We feel more attractive when we are surrounded by ugly people. It’s not necessarily because we’re insecure—Social Comparison Theory, proposed by psychologist Leon Festinger in 1954, holds that we have few other options. The theory suggests that we are terrible at objectively rating our own talents and physical features, so we tend to make sweeping generalizations about others and then fall back on crude comparisons. “With attractiveness, it’s hard to know what that means in objective terms, so you look around you and have to compare with other people to know where you stand,” Matt Johnson, professor of psychology, neuroscience, and behavioral economics at Hult International Business School, told Fatherly.
“This doesn’t exclusively apply to attractiveness, but any other competencies or attributes.”
When we start off assessing the attractiveness of others, it’s hardly an exact science but Johnson does call the process “reliably subjective”. We all have our tastes, but there are certain celebrities like Brad Pitt and Jennifer Lawrence that most people are into across the board, and studies have shown that we find the most symmetrical and the most average faces more attractive.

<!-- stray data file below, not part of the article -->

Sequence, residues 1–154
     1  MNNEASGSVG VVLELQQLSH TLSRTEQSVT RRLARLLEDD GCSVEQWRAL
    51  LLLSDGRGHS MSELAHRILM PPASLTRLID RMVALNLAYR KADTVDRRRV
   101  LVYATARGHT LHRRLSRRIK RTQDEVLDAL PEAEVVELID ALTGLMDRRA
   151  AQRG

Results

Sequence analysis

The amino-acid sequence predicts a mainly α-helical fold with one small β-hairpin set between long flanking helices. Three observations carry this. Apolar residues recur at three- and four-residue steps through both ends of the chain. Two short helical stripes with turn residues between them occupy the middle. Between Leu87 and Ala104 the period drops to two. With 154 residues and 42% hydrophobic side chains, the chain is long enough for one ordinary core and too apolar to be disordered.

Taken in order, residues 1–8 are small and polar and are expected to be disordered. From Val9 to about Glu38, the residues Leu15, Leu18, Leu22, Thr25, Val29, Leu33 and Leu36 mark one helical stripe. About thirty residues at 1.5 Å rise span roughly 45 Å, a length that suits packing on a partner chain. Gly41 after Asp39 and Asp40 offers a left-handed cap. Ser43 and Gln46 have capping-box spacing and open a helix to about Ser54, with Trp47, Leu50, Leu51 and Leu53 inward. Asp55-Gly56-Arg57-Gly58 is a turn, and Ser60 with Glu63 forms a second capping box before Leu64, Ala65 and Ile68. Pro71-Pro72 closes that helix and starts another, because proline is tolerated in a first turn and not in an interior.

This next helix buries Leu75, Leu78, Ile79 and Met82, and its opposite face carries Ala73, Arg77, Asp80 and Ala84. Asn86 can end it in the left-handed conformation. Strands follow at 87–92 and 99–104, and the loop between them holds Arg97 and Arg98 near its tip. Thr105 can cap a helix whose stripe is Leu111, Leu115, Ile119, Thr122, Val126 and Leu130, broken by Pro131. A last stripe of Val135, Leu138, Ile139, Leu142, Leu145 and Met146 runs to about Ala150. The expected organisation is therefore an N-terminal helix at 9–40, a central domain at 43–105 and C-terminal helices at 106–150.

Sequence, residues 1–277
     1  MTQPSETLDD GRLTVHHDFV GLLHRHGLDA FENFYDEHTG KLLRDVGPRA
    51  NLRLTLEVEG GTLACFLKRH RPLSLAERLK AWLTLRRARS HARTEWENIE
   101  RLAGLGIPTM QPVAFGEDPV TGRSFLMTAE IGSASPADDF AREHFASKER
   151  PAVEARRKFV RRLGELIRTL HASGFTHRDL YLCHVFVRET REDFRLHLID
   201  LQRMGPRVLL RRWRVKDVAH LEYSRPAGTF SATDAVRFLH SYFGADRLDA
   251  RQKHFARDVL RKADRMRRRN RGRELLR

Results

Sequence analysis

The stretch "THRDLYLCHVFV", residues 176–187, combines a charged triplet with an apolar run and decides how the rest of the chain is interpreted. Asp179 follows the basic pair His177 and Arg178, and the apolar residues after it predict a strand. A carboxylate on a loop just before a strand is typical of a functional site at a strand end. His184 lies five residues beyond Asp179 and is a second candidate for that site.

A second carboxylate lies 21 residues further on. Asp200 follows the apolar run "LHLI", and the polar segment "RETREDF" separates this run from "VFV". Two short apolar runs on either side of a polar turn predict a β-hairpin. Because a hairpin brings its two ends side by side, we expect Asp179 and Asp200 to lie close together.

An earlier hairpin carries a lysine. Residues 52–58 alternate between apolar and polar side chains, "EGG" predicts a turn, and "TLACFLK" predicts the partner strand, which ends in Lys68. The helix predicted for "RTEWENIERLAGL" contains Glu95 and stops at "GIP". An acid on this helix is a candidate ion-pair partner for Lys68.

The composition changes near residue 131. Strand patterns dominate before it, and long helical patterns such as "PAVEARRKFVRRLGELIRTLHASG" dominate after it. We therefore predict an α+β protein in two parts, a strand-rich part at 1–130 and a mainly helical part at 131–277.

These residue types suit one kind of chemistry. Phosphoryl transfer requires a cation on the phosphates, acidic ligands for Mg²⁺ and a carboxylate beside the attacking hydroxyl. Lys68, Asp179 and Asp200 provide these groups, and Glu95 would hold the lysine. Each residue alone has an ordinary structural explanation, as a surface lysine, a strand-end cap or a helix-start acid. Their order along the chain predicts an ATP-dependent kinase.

Johnson suspects that, knowingly or not, we also assess others by way of the Most Advanced Yet Acceptable, or MAYA principle. When it comes to any decision, from choosing a store to picking a brand of cereal, most people are attracted to a delicate balance of novelty and familiarity—the upper echelon of average. This may be the sweet spot for sex appeal, too.
Once you’re finished judging everyone else’s attractiveness, how that relates to your own self-perception is largely a matter of self-esteem, researchers have found. People with very high self-esteem tend to use upward comparisons for self-improvement, those with lower self-esteem need negative comparisons to feel better about themselves. Put simply, if you feel like the hottest person in the room—but only because everyone else is so damn ugly—you probably have a bunch of insecurities.
“The more self-assured and confident you are, the less you socially compare. People who are are little more insecure will socially compare more,” Johnson says. “This is mediated by self-esteem and positive self-image.”